© NASA/JPL/MESSENGER

Mercury at perihelion

Tue, 12 Dec 2017 at06:43 EST(Tomorrow)
11:43 UTC

Dominic Ford, Editor
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Ashburn
The sky at

Mercury's 88-day orbit around the Sun will carry it to its closest point to the Sun – its perihelion – at a distance of 0.31 AU from the Sun.

Unlike most of the planets, which follow almost exactly circular orbits around the Sun only varying in their distance from the Sun by a few percent, Mercury has a significantly elliptical orbit.

Its distance from the Sun varies between 0.307 AU at perihelion (closest approach to the Sun), and 0.467 AU at aphelion (furthest recess from the Sun). This variation, of over 50%, means that its surface receives over twice as much energy from the Sun at perihelion as compared to aphelion.

However, this makes little difference to Mercury's telescopic appearance, since little if any detail on its surface can be resolved by ground-based telescopes. Although its changing seasons have an incredible effect upon its surface temperatures, there is little change that is visible to amateur observers.

The position of Mercury at the moment it passes perihelion will be:

Object Right Ascension Declination Constellation Angular Size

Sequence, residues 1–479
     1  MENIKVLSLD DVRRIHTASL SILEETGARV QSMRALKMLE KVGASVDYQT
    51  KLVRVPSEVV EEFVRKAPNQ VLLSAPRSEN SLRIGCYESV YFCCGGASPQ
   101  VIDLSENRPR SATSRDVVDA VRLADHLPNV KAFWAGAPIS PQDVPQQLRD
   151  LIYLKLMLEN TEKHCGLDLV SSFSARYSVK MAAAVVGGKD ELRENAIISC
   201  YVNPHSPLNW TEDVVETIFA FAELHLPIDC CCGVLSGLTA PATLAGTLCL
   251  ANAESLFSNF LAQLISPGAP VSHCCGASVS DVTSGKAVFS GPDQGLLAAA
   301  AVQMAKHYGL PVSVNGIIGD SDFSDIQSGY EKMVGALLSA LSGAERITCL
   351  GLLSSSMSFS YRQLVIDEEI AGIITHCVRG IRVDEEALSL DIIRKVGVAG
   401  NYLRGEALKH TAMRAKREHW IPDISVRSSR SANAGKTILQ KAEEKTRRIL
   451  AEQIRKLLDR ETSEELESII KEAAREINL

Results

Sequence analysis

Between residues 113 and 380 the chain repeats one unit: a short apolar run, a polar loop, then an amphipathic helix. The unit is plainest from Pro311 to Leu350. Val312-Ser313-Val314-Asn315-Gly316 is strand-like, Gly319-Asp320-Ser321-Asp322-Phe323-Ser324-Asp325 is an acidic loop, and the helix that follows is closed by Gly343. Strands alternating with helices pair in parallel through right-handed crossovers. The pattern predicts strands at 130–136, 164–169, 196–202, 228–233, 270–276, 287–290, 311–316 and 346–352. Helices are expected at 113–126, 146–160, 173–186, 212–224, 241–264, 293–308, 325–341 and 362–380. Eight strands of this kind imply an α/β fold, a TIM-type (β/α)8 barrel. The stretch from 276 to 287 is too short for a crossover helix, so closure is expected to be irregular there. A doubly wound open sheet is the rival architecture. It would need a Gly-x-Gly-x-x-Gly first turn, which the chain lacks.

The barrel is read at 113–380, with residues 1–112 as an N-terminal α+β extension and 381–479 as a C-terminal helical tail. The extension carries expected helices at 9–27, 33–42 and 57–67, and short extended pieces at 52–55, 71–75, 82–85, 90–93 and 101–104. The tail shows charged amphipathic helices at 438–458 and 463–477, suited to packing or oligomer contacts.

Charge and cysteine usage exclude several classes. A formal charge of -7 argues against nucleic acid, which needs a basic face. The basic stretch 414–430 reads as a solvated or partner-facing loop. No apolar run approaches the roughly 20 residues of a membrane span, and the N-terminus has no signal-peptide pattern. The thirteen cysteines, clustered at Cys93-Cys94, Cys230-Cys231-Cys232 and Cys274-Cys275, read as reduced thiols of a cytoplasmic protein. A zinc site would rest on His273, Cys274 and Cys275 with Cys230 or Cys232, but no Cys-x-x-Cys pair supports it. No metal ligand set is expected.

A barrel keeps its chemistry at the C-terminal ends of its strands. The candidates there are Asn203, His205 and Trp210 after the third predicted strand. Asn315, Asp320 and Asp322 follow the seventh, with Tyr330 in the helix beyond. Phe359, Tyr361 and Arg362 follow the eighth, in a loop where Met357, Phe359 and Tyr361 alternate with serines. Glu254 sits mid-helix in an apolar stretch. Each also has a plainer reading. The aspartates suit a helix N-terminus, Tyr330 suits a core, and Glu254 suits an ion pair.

Mercury 17h24m40s -21°38' Ophiuchus 9.9"
Sun 17h18m -23°05' Ophiuchus 32'29"

The coordinates above are given in J2000.0.

From Ashburn (click to change), Mercury will not be readily observable since it will be very close to the Sun, at a separation of only 2° from it.

The sky on 12 December 2017
Sunrise 07:18
Sunset 16:46
Twilight ends
18:22
Twilight begins
05:42

24-day old moon
Age of Moon
24 days

All times shown in EST.
Rise Culm. Set
Mercury 07:18 12:06 16:55
Venus 06:48 11:34 16:20
Moon 01:56 07:52 13:47
Mars 03:17 08:43 14:10
Jupiter 04:14 09:28 14:41
Saturn 07:53 12:38 17:23

Warning

Never attempt to point a pair of binoculars or a telescope at an object close to the Sun. Doing so may result in immediate and permanent blindness.

Source

The circumstances of this event were computed using the DE405 planetary ephemeris published by the Jet Propulsion Laboratory (JPL).

This event was automatically generated by searching the ephemeris for planetary alignments which are of interest to amateur astronomers, and the text above was generated based on an estimate of your location.

Related news

23 Nov 2017, 21:22 EST  –  Mercury at greatest elongation east
01 Jan 2018, 19:40 EST  –  Mercury at greatest elongation west
15 Mar 2018, 06:18 EDT  –  Mercury at greatest elongation east
29 Apr 2018, 11:06 EDT  –  Mercury at greatest elongation west

Image credit

© NASA/JPL/MESSENGER

Ashburn

Latitude:
Longitude:
Timezone:

39.04°N
77.49°W
EST

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